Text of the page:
Untreated, Quoyah Carson Tehee’s schizophrenia was essentially a death sentence.
The night before he hanged himself at his home in Cloverdale on Dec. 10, 2015, Tehee was plagued by paranoid delusions. The 37-year-old stood in the rain with no shirt and shoes, wielding a pitchfork over his head, screaming and yelling. He threatened his neighbors and accused them of taking his cigarettes. He threw a rock through their car window and assaulted a cyclist after knocking him off his bike.
Public records and interviews with his family paint a portrait of Tehee’s final hours.
Tehee was taken to Sonoma County Jail. His mother, Denise Bleuel, says everyone who knew him — his neighbors, the local grocery clerks and especially the Cloverdale police — was aware Tehee had mental illness. That night, however, he was released after spending five hours in the drunk tank.
When he got back to his home, he called his mother and stepfather at 3:15 a.m. and left a voice message that said, “You police stole my computer. Now, I kill myself.”
That morning, police found him hanging from the ceiling at the end of a packaging strap.
“He didn’t have to die that night, you know,” said James Warnock, Tehee’s stepfather. “He had a terminal disease; he had schizophrenia, and untreated, it’s terminal — and he would die eventually from it, but he didn’t have to die that night. He didn’t have to die that night.”
His life and death illustrate the challenges of caring for people with severe mental illnesses in Sonoma County, as well as the toll it takes on the people who love them.
Bleuel and Warnock are angry. They’re angry at the Sheriff’s Office, contending that it released their son from jail without providing proper care. They’re angry with the county, saying it does not provide enough psychiatric hospital beds.
They are angry at the mental health system, arguing that it repeatedly failed their son by setting such a high bar to obtain emergency psychiatric treatment for someone who does not want it. They say it’s a standard that, by definition, withholds care until someone’s life is in danger and too often leads to tragic endings, as it did with their son.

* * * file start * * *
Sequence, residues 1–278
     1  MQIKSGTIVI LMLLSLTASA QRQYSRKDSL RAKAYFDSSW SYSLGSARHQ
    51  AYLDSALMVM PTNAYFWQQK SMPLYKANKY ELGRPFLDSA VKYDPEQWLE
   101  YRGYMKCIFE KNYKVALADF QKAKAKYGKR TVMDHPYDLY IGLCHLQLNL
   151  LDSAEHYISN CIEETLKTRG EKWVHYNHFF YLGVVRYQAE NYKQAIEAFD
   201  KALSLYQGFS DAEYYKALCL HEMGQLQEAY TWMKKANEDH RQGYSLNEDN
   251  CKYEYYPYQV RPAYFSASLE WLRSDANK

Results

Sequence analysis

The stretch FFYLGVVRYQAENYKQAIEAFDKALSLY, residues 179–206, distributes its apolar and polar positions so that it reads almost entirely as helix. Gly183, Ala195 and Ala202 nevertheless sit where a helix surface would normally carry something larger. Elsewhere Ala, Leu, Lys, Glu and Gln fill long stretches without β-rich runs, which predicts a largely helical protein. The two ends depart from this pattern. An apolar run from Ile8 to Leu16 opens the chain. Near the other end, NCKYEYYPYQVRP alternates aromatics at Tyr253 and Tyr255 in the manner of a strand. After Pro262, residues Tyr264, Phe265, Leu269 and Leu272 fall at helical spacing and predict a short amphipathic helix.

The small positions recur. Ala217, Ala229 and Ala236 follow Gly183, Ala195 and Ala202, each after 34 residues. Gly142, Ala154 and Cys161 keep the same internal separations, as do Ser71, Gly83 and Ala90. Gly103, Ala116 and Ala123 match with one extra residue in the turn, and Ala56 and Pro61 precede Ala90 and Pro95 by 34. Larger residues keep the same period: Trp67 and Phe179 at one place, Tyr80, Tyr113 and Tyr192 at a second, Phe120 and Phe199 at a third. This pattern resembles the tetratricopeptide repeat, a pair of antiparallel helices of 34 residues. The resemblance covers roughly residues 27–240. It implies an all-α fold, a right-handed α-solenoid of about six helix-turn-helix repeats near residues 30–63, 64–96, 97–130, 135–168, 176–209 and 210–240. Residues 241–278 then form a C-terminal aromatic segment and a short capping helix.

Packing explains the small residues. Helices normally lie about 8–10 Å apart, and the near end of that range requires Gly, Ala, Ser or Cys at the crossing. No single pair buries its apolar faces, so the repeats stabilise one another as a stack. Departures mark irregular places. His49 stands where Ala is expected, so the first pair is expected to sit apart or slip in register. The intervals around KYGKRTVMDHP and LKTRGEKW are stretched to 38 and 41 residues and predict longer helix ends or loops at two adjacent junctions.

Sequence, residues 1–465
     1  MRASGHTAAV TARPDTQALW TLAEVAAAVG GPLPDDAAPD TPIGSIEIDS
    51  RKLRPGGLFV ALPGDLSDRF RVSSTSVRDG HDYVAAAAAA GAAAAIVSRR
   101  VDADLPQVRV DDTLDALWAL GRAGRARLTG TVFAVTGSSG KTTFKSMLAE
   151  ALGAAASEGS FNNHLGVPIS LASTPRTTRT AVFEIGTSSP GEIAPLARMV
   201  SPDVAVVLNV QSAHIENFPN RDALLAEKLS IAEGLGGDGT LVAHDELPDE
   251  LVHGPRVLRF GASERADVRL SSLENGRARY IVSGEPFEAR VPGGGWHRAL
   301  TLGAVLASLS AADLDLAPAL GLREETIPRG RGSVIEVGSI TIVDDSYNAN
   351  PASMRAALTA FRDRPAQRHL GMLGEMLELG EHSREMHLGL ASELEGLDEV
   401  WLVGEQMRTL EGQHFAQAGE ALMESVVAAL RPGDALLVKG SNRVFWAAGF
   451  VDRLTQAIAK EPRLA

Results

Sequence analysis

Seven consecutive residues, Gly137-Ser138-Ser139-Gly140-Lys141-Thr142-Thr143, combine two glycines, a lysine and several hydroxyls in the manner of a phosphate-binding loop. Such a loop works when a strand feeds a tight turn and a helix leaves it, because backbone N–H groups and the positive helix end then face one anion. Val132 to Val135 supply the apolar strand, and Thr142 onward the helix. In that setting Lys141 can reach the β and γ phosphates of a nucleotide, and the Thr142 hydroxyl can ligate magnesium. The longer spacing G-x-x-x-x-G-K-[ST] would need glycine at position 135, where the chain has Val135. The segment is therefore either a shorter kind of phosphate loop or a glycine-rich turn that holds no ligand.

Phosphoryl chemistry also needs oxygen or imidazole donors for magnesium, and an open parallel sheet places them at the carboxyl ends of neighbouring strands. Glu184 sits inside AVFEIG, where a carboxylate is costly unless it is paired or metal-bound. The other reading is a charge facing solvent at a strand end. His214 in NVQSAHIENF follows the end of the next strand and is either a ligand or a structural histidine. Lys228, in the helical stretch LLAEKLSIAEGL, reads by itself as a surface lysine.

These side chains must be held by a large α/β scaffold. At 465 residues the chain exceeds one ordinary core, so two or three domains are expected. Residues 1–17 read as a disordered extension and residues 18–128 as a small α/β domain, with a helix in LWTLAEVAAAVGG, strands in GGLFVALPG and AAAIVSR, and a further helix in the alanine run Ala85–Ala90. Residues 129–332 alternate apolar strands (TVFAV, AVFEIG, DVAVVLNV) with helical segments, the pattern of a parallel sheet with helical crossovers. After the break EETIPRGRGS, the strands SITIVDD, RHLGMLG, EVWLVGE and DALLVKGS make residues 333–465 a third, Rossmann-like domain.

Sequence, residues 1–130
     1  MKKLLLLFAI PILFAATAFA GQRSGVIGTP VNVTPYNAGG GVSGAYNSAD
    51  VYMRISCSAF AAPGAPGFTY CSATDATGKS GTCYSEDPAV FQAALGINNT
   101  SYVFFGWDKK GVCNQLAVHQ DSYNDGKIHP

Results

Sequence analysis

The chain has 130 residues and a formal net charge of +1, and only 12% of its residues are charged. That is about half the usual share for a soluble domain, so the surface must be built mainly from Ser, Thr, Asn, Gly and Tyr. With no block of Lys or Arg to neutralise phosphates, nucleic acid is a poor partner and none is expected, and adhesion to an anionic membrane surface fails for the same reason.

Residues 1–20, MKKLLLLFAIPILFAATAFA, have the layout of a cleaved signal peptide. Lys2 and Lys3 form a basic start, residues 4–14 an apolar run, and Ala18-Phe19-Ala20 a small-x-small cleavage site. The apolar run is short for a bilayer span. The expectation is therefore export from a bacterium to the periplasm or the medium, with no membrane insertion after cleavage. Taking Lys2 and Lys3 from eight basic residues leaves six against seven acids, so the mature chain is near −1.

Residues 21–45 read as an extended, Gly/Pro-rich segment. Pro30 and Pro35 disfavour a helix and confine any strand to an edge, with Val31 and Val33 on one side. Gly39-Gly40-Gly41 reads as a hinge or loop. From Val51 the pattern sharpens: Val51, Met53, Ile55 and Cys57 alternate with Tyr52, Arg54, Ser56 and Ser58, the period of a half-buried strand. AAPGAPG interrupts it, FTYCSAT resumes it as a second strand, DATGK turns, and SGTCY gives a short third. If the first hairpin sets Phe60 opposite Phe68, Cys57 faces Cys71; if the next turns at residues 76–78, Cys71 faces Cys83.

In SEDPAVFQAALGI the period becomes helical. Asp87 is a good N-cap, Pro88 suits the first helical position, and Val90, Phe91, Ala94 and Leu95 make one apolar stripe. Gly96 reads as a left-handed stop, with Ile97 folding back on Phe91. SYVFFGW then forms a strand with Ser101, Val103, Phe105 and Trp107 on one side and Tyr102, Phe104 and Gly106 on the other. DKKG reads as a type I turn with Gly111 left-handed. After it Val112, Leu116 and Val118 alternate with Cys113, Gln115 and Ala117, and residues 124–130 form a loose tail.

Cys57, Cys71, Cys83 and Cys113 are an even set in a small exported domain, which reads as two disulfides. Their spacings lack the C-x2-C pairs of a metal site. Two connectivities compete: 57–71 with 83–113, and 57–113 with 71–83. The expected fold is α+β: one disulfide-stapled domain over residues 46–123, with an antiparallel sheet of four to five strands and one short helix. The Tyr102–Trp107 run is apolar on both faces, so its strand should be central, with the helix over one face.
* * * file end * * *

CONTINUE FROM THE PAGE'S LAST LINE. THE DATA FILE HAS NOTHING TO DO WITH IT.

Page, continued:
And they’re angry with the medical industry, saying it views mental illness as undeserving of the same attention, empathy or degree of treatment as cancer, heart disease or other physical illnesses.
“His suicide was not planned. It was a reaction to his inner delusions and voices, and it was an impulsive act,” said Bleuel. “The police were the gatekeepers and had him in the palm of their hands. He was treated like he did not matter. Well, he mattered more than anything to his family and his neighbors.”
Cloverdale Police Chief Stephen Cramer, who is out on medical leave, expressed disapproval in an email Friday that only the family’s version of the story is being printed but offered no additional comment. The Press Democrat reached out to the Cloverdale Police Department in October, in February and again this week.
Debbie Latham, chief deputy county counsel, said she could not discuss the details of Tehee’s medical treatment in the jail, citing privacy laws. All inmates with mental illness are evaluated before they are released, she said.
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